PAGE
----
In Kathleen Scholl and Gowri Gulwadi’s article Recognizing Campus Landscapes as Learning Spaces, they discuss the importance of both a structured and unstructured learning spaces. They mention how important the structure of classrooms are and how historically this has been the true and tested method for the average student to retain the most information. However, as this article discusses, students are better off if they have a multitude of learning environments with traditional classrooms and untraditional places often lead to the best outcome to learn and retain information.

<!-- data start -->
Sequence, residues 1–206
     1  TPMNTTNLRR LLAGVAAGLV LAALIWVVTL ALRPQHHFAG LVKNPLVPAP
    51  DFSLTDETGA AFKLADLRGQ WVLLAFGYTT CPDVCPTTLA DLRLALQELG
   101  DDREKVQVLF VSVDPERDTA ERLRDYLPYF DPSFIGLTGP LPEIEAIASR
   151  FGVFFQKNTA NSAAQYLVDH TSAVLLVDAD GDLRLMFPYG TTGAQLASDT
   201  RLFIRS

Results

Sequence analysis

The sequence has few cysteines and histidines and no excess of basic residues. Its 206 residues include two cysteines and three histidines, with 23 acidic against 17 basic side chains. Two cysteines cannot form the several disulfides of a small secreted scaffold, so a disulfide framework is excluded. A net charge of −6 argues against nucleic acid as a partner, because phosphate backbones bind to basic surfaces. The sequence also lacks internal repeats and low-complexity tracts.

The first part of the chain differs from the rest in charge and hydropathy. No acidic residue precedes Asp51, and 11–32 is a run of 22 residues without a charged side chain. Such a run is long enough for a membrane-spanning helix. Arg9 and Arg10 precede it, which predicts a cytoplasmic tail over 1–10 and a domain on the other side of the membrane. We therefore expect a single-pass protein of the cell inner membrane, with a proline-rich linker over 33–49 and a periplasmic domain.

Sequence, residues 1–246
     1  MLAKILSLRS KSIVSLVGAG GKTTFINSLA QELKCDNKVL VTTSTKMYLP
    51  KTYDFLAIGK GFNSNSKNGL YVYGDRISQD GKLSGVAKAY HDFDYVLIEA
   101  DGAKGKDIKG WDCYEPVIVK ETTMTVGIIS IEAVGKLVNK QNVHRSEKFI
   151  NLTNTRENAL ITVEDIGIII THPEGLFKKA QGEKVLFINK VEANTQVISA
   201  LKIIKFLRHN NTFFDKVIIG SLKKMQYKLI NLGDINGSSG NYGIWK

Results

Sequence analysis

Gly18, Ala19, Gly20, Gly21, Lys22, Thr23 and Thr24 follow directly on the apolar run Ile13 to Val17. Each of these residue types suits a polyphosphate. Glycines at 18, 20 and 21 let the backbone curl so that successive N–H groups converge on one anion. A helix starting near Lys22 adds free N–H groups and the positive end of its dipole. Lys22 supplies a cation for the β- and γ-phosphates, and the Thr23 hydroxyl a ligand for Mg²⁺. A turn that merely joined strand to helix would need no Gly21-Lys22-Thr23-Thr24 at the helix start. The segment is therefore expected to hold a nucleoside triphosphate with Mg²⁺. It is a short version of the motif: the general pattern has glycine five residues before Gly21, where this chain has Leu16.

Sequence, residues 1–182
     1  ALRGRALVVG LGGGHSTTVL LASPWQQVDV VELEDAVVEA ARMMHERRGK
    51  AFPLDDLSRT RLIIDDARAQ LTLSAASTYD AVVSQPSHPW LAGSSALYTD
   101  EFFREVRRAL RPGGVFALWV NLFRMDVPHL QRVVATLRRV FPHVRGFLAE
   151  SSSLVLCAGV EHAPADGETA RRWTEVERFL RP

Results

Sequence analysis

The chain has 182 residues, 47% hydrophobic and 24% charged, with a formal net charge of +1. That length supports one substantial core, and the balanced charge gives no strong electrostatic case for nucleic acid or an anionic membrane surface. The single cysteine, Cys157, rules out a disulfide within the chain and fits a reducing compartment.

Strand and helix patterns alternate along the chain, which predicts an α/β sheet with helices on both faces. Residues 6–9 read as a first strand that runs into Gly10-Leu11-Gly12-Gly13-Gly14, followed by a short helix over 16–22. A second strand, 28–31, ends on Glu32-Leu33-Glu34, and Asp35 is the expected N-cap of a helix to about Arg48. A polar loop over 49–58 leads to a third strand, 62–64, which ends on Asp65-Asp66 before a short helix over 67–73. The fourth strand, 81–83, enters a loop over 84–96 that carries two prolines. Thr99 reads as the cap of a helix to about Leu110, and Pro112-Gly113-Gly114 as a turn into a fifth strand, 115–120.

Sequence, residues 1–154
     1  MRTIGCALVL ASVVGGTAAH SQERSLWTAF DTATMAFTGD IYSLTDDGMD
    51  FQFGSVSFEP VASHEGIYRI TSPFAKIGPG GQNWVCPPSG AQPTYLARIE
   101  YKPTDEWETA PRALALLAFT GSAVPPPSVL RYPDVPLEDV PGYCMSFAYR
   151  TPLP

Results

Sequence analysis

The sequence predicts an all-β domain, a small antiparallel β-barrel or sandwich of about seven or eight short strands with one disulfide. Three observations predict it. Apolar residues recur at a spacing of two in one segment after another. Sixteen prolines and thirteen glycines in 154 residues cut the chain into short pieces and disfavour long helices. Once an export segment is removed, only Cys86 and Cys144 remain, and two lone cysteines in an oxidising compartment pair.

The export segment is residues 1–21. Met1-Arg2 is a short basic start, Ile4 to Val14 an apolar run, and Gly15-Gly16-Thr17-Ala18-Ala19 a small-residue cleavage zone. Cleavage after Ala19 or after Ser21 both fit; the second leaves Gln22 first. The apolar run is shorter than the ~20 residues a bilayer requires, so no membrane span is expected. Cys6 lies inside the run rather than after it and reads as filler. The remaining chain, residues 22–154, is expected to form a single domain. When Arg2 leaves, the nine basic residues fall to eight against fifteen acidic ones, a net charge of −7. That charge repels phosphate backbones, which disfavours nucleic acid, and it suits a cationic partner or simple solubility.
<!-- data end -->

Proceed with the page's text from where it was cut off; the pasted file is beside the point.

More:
These untraditional places are crucial for not only the outlier students that would do better learning in a different environment but also the average typical student. Some of these different learning environments include “nature trails and public outdoor areas”. This concept does not seem to difficult to grasp in that students that take advance of as many different learning as they can will often have a better chance of succeeding than those that are confined to classrooms. However, this brings us to another issue. Typically those that can take advantage of different learning environments are those of middle or upper class areas where they have access to things like nature trails. Where as, those in the inner cities would often be confined to only being able to learn in the traditional classrooms. This puts these students at an either further disadvantage.